This Month in Science Fiction: Frankenstein Turns 200

January 22, 2018 | Isabel

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January is the 200th anniversary of "Frankenstein, or The Modern Prometheus"  by Mary Shelley. Celebrate this special birthday by checking out our collection. 
Victor Frankenstein becoming disgusted at his creation.
Illustration from the 1831 edition of Frankenstein, by Theodore von Holst.

Mary Shelley and her husband Percy Bysshe Shelley spent the summer of 1816 with the poet Lord Byron. They and some friends stayed in Byron’s rented villa on the shores of Lake Geneva. One evening in June, kept inside by bad weather, the group began reading ghost stories to each other. Lord Byron suggested a game: they would each write a story of their own to share with the group. Mary Shelley’s story became "Frankenstein". 
Shelley was only 18 years old when she started writing "Frankenstein". On Jan 1, 1818, at the age of 20, she published her first and most famous book. Two hundred years later, "Frankenstein" is still beloved, both as a novel and as a source of inspiration.

Frankenstein  Everyman's Library Frankenstein  Bloomsbury Classics

The oldest copy of "Frankenstein" we have is on the third floor of the Lillian H. Smith branch in the Merril Collection of Science Fiction, Speculation and Fantasy. The book is from 1931; not ancient, but it is an interesting copy. In 1931, Universal Pictures released a movie version of "Frankenstein", starring Boris Karloff. Instead of illustrations, our oldest copy of "Frankenstein" has scenes from this movie. It is an early example of a movie tie-in (known at the time as a photoplay edition).


Boris Karloff as Frankenstein
Boris Karloff as Frankenstein
When I think of "Frankenstein", I picture Boris Karloff lumbering through silver-screen shadows. Karloff's portrayal of Frankenstein's monster is the one that most of us know best. His groaning, shambling giant is the opposite of the monster in the novel. But, it has eclipsed the original in popular culture.
Frankenstein (1931) DVD 1, 2
 MagicImage Filmbooks Presents Frankenstein edited by Philip J. Riley

I have to admit, "Frankenstein" surprised me the first time I read it. I thought I knew what to expect, but I didn't. "Frankenstein" was much more than the story of a raging monster. It was the story of an intelligent creature, struggling to belong in a world it wasn't made for.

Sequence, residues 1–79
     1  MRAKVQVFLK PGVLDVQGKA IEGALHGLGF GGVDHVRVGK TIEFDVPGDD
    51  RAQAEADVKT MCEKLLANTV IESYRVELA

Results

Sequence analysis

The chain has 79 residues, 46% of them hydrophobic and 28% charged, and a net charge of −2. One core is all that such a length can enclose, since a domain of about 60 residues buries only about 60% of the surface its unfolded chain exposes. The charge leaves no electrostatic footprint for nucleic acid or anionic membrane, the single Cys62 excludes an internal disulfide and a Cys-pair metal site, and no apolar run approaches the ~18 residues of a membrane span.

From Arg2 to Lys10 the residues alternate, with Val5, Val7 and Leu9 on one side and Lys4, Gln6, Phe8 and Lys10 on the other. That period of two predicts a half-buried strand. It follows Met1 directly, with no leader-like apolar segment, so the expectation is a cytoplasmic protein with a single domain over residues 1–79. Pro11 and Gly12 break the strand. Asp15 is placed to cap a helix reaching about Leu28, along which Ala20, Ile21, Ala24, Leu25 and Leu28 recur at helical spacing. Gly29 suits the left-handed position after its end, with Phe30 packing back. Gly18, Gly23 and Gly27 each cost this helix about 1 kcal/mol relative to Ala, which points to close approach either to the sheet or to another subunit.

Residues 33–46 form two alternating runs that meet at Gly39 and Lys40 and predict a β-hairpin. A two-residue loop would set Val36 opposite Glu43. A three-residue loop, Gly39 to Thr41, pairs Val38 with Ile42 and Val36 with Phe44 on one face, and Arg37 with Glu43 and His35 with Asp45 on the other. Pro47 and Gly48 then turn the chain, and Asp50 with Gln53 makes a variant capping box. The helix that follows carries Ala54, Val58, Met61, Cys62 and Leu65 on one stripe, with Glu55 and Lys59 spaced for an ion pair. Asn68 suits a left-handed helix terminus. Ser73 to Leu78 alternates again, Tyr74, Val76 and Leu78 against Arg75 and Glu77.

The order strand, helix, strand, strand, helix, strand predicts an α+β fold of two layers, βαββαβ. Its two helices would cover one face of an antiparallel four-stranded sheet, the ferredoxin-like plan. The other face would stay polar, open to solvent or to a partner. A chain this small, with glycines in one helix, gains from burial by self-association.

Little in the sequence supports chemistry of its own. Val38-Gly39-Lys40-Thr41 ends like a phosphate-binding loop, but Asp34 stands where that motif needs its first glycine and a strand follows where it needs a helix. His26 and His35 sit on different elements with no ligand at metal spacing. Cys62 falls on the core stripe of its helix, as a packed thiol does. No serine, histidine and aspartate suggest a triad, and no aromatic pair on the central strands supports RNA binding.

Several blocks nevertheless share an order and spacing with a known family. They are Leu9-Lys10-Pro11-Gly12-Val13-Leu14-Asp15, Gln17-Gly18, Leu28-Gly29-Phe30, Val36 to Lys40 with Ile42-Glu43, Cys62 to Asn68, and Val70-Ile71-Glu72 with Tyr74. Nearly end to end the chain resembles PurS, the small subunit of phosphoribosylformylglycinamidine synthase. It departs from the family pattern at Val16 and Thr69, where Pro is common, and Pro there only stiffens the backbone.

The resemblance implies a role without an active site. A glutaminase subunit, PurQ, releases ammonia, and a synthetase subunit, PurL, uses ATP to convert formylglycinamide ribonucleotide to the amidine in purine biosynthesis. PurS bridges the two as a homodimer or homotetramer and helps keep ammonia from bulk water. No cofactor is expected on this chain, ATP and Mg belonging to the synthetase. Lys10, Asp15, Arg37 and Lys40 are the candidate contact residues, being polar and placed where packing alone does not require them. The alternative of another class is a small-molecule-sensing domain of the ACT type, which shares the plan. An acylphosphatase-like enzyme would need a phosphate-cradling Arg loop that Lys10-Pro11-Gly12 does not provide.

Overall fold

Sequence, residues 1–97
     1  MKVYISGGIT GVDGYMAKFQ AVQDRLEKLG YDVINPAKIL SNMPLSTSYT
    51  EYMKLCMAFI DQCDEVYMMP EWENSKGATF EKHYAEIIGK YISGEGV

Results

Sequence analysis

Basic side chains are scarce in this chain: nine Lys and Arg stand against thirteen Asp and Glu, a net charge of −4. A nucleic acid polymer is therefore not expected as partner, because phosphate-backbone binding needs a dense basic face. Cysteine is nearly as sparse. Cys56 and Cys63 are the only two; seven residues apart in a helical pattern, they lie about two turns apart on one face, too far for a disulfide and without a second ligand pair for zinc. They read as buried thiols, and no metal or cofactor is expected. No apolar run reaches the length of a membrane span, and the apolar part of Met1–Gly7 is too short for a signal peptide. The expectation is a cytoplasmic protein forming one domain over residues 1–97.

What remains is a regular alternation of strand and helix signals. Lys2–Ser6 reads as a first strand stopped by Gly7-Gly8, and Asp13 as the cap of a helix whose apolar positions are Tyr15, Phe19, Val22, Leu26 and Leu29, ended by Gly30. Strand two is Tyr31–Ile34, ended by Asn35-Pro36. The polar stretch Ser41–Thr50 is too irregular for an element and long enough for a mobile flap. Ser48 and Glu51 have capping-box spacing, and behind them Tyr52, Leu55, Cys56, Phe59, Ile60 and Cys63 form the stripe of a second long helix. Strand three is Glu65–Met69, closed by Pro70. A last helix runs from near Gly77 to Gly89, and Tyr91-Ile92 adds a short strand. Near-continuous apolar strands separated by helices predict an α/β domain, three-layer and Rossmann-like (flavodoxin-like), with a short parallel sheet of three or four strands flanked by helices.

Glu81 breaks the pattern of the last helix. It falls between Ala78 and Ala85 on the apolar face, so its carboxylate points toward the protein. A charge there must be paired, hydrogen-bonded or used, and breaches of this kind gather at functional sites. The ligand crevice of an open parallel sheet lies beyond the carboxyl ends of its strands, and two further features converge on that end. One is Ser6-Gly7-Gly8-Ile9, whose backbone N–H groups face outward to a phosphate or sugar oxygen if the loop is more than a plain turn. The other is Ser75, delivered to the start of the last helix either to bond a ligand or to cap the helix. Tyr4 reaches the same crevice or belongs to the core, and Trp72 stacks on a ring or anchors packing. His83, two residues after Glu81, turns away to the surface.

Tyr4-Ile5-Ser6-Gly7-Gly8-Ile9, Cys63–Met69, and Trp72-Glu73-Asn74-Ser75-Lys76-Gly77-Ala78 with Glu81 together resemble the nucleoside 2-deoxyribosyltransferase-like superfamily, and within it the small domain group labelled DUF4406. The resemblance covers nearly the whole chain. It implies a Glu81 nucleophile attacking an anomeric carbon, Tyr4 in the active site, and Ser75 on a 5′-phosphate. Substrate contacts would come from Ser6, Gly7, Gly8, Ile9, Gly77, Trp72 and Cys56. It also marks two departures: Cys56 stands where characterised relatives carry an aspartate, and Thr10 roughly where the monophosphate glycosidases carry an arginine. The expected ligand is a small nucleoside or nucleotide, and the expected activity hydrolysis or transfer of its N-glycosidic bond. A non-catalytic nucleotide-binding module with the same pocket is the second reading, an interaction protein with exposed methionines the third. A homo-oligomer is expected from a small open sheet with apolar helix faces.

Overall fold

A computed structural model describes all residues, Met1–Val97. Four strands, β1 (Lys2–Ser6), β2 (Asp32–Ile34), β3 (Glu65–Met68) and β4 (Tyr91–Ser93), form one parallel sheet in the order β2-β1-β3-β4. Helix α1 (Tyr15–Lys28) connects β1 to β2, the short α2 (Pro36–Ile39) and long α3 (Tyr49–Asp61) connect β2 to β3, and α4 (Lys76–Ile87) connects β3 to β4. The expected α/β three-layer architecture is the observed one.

Mary Shelley by Richard Rothwell
Mary Shelley by Richard Rothwell. Public domain, via Wikimedia Commons

Mary Shelley’s life was anything but ordinary. She grew up in a politically radical household. Her mother, Mary Wollstonecraft, was a prominent feminist and pioneer of women’s liberation. Her father, William Godwin, was a philosopher and novelist. In 1814, she eloped with Percy Bysshe Shelley while he was still married to his first wife. Her family and friends, and most of society, ostracized her for this scandal. On December 30, 1816, she married Shelley after his first wife committed suicide. She had given birth to and lost her first child the previous year. By the time she was writing "Frankenstein", she had already lived through her share of tragedy.

 After her husband died in 1822, Shelley supported herself and her sole surviving child with her writing. She published several more novels and short stories, though none were as admired as her first.

The Last Man The Mortal Immortal
Maurice  or The Fisher's Cot  Transformation
Mathilda  Mary Shelley Collected Tales and Stories

The Last Man by Mary Shelly

The Mortal Immortal: The Complete Supernatural Short Fiction by Mary Shelly; narrative introduction by Michael Bishop

Maurice, or the Fisher's Cot by Mary Shelly

Transformation by Mary Shelly

Mathilda by Mary Shelly

Mary Shelley: Collected Tales and Stories

"Frankenstein" is still relevant today. It is an exploration of science and technology, of responsibility and fate. The novel makes us ask important questions: What is the price of playing God? What are our responsibilities to our creations? These themes are crucial now in our age of artificial intelligence and gene-editing. It's no surprise that people still have "Frankenstein" on the brain.

Frankenstein: The First Two Hundred Years The New Annotated Frankenstein
In the Shadow of Frankenstein Frankenstein: Annotated for Scientists  Engineers  and Creators of All Kinds

Frankenstein: The First Two Hundred Years by Christopher Frayling

The New Annotated Frankenstein by Mary Shelley; edited with a foreword and notes by Leslie S. Klinger; introduction by Guillermo Del Toro

In the Shadow of Frankenstein: Tales of the Modern Prometheus edited by Stephen Jones; foreword by Neil Gaiman

Frankenstein: Annotated for Scientists, Engineers, and Creators of All Kinds by Mary Shelley; edited by David H. Guston, Ed Finn, and Jason Scott Robert